Yet even as he steps down, there remains much work to be done and we, the people, must remain vigilant and steadfast in doing it. While there is rampant youth unemployment to reign in, infrastructural projects and economic growth to support, crime to curtail and vision 2030 to attain, we, the people of Kenya, have not finished the work our forefathers and liberation hero's began.
Next year's administration will be burdened with the need to leave a bigger and better legacy than those of its preceding regimes. With the upcoming general elections, perhaps the most urgent reminder that history can accord us is on the need for unity. There is no nation that has been built upon division.
While we do not belong to one tribe; or race; and do not hold the same views, we must be united in our love for our neighbor and our desire to see Kenya grow. We must be united in a resolve to consistently settle our disputes amicably: because such is the promise of democracy.
As we transition into the 50th year of independence, now more than ever Kenyans must decide upon what and who they want to see in the upcoming administration.
Throughout the last 48 years the Kenyan people have shown remarkable resilience. When our nation has been at stake, when our future has been at stake it is the people of Kenya who have shown up; spoken up; voted and effected change. That's why we have a new constitution. That's how The President came to be President.
Today, we need Kenyans to show up once again: this time on March 4th 2013. The next election will be historic- we will not only pick a President and a Member of parliament but we will pick Governors, Senators, county representatives and women representatives.
Next year, the government will come closer to the people. We all will have a greater chance than ever before to contribute to the dialogue on issues that directly affect us.
That is why this election is so important. It is the chance to see real change effected in our communities and to hold accountable the local authorities: our governors and county assembly who are in charge of ensuring local development.
Now more than ever the voices of Kenyans must be heard through voting. Now is not the time for apathy. There is too much at stake for that.
Therefore this Jamhuri day, as we reflect upon all that freedom means I urge everyone who is 18 or older and in possession of national identification to go out and register to vote in the next elections. If you have already registered as a voter, get your family and friends to go out and register as well.
Unless we register to vote, we will have no moral ground for keeping our leaders and our government accountable. Voting is not just our democratic right: it is our patriotic duty.
Brothers and sisters, when history calls us to account and asks what we did with and for our country we must be able to defend ourselves armed with the knowledge that we, first and foremost, voted for the candidates we believed were best suited to lead us.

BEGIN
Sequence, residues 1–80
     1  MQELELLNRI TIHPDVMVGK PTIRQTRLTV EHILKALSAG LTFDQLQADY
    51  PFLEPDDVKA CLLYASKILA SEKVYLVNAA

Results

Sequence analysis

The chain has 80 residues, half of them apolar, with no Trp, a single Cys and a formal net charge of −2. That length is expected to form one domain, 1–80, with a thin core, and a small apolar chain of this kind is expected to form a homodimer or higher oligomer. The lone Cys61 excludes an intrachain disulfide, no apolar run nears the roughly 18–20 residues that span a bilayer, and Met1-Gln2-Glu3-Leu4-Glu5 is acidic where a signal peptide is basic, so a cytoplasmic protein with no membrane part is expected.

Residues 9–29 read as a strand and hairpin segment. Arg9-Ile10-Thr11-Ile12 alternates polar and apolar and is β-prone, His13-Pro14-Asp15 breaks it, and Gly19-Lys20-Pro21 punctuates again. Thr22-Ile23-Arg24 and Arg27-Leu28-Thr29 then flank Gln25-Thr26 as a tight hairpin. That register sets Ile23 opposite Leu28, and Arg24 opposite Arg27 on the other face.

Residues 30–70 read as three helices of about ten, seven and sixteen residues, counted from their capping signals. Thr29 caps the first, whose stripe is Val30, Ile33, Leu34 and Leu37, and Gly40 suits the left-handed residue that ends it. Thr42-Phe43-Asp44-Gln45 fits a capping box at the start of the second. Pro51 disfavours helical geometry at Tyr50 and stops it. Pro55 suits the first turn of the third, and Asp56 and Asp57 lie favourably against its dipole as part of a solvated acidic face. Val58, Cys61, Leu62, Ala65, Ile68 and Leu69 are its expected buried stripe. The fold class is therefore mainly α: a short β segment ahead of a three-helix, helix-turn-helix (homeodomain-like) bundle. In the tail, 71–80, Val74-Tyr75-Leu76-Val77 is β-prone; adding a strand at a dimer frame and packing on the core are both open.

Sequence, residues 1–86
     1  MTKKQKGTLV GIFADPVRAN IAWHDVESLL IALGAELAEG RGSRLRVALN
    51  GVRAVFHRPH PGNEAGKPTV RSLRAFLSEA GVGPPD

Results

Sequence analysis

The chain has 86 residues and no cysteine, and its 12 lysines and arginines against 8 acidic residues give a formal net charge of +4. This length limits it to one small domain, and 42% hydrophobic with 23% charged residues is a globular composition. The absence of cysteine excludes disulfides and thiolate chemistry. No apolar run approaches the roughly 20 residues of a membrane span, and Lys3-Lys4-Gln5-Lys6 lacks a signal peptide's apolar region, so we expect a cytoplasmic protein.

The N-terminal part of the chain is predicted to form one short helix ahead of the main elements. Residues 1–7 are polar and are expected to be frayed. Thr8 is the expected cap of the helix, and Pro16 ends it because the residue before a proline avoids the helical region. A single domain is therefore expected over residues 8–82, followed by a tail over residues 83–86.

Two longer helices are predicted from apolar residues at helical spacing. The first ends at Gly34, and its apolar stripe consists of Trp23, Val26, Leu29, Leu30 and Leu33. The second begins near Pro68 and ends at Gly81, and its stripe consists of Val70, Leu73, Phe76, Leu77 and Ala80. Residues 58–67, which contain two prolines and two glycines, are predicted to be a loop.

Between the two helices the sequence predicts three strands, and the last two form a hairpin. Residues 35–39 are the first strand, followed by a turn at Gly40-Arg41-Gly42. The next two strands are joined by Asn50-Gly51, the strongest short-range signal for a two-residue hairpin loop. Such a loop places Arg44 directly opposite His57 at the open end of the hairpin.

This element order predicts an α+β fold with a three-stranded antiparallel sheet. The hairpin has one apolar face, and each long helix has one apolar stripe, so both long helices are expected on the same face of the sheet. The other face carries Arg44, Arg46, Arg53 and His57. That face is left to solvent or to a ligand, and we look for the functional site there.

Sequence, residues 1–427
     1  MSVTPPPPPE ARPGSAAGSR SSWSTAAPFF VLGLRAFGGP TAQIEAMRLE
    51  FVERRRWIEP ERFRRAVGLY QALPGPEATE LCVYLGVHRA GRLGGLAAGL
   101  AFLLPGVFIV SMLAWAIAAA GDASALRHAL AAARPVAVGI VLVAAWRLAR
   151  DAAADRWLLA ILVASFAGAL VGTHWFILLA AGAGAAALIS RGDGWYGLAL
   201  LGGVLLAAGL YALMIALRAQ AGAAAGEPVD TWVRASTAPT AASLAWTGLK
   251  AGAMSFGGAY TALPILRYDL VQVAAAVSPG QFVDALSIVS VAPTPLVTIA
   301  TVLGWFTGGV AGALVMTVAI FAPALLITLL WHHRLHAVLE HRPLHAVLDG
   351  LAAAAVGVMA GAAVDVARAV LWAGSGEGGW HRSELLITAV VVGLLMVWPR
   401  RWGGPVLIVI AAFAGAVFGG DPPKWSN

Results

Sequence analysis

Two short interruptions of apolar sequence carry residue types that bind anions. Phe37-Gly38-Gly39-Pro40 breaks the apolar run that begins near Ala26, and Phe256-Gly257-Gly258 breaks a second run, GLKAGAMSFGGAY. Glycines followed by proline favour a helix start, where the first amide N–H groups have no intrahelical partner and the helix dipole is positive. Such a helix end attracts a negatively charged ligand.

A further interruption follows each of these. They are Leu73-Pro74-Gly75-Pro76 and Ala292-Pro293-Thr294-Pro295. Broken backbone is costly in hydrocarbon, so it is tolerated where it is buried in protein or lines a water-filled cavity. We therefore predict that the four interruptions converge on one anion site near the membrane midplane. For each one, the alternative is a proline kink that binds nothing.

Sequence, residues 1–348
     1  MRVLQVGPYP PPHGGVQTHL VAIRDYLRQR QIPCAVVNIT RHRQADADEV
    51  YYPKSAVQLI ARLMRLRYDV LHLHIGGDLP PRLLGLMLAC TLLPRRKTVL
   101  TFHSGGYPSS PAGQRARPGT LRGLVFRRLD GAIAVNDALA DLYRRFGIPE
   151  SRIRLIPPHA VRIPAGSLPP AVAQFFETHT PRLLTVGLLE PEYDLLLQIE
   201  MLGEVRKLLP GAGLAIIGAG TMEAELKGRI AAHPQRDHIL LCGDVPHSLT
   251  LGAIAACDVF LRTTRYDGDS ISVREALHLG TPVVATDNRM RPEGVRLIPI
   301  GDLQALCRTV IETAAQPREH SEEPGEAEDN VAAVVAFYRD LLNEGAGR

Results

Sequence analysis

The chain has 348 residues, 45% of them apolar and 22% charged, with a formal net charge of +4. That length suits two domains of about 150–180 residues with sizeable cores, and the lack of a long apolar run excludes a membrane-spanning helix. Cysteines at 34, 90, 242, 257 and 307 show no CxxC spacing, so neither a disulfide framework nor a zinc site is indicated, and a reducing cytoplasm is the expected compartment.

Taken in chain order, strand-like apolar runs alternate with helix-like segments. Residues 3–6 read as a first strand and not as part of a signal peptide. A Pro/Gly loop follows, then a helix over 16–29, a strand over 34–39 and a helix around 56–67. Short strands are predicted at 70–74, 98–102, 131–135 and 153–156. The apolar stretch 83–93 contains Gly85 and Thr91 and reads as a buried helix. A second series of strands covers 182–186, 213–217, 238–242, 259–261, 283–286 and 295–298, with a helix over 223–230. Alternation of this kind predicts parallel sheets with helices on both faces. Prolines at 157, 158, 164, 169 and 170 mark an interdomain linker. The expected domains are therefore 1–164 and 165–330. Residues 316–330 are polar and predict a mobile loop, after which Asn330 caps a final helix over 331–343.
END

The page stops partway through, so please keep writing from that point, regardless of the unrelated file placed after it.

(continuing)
As some people have pointed out, voting will only be the first step to dealing with national issues. Therefore we must also look beyond the elections. The next administration will not have an easy task before them.
The incoming government will have a myriad of different issues to address. There will be no time for a tug-of-war with the international community.
To them we state that we as Kenyans will work with Nations of the world who are believers in Democracy. We will hold fast to the ideals of sovereignty, sovereign equality and National Integrity; and to our hope for a better Kenya.
Yet we will work together with all like-minded and peace-loving nations towards a mutually beneficial agenda agreed upon within a partnership of equals.
The international community is obligated by its own moral framework to respect whatever decision Kenyans make next year because they know Kenyans are well able to choose for themselves.
Anything short of that realization is a re-incarnation of colonialism. We are therefore confident that all who understand the principle of self- determination will continue to extend a hand of friendship to the Kenyan people who have, similarly, never attempted to dictate the domestic affairs of other nations.
To my fellow Kenyans, I will end with a heartfelt plea. Let us move forward together- leaving behind the old things. Let us not allow the past to weigh us down for the future beckons our nation: calling us to fly and fly high.
Let us then fix our eyes on that future; fill our hearts with hope and our minds with resolution; and arm ourselves with the strength to continue in the process of building a Kenya we are proud to call home.
And my hope is that as we continue in the task of nation building we will remain true to the words of our anthem and respectful of the first fragile dreams of our forefathers. Happy Jamhuri Day! Your Deputy Prime Minister, Uhuru Kenyatta.
The statement was released on Jamhuri Day